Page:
One prevalent issue within higher education is the rate in which faculty are hired and retained within the academy. Predominately white institutions (PWI’s) especially have lower percentages of faculty from diverse ethnic and racial backgrounds. In addition, the rate in which all genders outside of males is disproportion to the rate in which male faculty members are hired. Higher education was founded for wealthy white males to gain access to education to ensure their own upward mobility and retaining their wealth. However, as higher education aims to address its own oppressive structures, the access to higher education must be addressed.
The article that I chose to discuss for this blog post was an article shared on Inside Higher Education. The article focused on federal data on the rate of diversity within tenure track faculty within varying institutions. What their data analysis uncovered was that research and doctoral status institutions were especially lacking in racial and gender diversity within the hiring of faculty members. The number of Black and Hispanic faculty only accounted for less than 6%. This is with Black faculty representation only increasing by 0.1% and Hispanic faculty increasing by only 0.65%. These rates were marginally larger at master status institutions, but again the rate in which tenure track faculty is not increasing. In addition, the rate in which women from the years 2013-2017 increased by only 1.7%. The majority of tenure track faculty hires are held by white males.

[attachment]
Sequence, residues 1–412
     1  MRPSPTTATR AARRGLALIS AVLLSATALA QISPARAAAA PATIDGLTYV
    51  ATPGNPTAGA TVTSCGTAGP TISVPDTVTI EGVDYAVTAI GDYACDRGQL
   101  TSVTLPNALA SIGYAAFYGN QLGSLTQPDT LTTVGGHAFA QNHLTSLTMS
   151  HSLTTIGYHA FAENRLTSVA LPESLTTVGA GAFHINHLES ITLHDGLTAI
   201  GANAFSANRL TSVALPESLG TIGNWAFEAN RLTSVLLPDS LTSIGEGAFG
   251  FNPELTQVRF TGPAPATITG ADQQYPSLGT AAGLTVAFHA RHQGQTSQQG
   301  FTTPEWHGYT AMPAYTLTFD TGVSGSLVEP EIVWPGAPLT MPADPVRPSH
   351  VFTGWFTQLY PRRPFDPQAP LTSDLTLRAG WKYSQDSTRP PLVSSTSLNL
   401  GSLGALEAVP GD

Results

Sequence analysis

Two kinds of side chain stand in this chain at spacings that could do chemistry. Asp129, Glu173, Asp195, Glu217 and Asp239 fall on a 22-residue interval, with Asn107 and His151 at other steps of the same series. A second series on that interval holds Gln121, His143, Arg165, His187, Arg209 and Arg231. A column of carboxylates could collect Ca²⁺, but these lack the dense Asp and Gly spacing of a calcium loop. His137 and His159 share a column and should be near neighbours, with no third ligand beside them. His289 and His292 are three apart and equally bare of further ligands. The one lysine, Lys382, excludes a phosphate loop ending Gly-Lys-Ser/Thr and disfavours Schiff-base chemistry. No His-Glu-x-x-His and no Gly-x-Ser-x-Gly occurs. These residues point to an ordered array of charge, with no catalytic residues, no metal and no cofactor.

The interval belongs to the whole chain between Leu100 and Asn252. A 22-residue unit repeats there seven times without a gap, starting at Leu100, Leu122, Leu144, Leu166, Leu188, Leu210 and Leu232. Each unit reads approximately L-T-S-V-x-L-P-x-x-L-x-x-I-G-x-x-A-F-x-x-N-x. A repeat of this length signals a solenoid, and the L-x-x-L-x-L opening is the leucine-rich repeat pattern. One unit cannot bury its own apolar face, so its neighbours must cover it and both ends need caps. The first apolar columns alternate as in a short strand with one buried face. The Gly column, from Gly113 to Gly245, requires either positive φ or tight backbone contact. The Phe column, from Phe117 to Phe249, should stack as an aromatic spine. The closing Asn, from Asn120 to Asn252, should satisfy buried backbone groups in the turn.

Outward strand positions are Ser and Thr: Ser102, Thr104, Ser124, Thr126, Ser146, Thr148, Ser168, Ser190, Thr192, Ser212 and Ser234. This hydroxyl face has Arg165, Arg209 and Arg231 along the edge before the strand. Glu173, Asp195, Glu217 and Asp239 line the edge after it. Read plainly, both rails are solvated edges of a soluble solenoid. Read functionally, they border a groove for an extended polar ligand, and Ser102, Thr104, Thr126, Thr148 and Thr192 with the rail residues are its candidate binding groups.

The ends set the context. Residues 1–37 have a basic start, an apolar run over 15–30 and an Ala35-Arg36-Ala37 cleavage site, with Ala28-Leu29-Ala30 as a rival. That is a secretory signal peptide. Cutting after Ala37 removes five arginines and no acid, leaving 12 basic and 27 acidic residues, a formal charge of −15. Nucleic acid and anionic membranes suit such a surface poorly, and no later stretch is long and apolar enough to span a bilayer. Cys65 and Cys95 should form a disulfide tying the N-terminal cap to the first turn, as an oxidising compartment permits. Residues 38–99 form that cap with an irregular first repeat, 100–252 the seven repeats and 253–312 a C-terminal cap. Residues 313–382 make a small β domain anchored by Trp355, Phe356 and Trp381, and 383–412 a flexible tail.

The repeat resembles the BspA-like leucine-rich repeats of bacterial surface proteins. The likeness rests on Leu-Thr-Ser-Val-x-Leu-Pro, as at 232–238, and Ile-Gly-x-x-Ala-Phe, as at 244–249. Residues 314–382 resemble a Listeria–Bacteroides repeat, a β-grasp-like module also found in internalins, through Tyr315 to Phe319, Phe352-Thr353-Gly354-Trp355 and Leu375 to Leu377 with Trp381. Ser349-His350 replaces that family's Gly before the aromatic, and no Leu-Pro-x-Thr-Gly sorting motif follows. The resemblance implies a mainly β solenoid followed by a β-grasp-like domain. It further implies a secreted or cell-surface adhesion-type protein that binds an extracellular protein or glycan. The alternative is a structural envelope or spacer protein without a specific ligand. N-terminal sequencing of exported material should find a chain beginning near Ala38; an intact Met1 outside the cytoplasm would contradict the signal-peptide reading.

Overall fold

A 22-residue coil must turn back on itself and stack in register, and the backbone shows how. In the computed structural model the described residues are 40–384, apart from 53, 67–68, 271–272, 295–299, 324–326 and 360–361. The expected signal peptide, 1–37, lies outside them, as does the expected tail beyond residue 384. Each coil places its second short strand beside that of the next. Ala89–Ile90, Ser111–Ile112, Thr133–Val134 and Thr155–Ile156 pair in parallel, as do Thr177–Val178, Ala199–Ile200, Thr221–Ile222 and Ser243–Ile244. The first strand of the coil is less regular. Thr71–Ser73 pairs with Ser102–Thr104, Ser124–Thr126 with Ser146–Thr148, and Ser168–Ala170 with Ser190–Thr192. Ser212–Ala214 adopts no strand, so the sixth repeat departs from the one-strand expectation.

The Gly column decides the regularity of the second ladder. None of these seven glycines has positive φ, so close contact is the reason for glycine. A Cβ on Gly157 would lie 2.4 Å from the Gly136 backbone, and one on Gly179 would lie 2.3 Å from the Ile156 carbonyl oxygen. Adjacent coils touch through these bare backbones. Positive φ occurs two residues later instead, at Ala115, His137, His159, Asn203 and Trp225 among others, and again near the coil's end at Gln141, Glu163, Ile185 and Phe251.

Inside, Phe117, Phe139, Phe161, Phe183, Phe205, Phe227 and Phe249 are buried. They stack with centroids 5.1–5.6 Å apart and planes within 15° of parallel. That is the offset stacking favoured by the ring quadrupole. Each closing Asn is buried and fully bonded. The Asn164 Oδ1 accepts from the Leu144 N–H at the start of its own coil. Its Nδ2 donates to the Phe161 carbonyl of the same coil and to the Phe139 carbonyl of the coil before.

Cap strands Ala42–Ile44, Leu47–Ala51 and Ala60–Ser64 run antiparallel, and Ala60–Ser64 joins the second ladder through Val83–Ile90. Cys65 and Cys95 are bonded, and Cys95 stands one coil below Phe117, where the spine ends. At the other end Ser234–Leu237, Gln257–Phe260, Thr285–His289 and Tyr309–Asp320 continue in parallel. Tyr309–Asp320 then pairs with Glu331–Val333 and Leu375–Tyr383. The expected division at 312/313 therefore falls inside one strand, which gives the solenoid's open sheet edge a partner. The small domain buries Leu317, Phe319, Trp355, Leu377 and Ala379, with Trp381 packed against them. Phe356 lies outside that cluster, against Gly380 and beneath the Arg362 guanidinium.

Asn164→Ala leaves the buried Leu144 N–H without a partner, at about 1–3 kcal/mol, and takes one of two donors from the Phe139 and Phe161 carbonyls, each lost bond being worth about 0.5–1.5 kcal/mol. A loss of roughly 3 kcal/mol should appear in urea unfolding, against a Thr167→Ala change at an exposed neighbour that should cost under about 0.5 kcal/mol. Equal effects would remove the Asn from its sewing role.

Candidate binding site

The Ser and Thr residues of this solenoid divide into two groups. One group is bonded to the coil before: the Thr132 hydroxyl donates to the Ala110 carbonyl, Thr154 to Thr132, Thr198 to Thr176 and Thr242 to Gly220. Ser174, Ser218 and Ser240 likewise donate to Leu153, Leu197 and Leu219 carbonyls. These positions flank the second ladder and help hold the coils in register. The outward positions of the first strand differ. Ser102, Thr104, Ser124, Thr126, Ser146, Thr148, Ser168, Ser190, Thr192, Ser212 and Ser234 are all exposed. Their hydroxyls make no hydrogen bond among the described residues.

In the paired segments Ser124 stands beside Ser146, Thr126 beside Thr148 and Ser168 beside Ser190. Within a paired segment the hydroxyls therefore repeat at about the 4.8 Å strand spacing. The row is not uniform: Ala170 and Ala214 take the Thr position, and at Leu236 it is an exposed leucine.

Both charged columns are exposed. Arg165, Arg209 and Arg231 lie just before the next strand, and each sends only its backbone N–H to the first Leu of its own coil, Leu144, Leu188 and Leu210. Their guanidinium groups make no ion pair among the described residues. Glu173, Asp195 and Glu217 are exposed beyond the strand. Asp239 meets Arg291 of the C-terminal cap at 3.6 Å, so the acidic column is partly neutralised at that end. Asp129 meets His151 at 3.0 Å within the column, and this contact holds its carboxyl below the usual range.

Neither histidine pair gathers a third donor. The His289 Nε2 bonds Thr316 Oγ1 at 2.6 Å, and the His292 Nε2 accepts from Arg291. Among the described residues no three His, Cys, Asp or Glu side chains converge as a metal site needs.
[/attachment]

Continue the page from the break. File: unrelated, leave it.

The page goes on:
This article is critical for the conversation of faculty within higher education. The federal data was calculated during the years 2013-2017, a time in higher education where conscious efforts were made to make critical examinations into hiring practices. It comes back into a theme of higher education that I have seen where institutions state they value one thing, but the data shows otherwise. In this case, institutions claimed that their espoused values were having diversity within teaching faculty, though the theories in use within the academy were the exact opposite. Values are not concrete unless they are actually manifesting what they are saying that they value. In addition to hiring faculty, the retention of faculty remains to be critical part of addressing the structural issues in higher education. Faculty can be recruited and hired to an institutions that still oppress the people they are hiring. Thus, the rate in which faculty are retained is going to be significantly lower. These data points only further illustrate the lack of diversity and equity within higher education. Without intentional and critical changes made to hiring practices, campus climates, and overall structures within higher education, these studies on diversity within higher education will continue to reveal the same trend in education.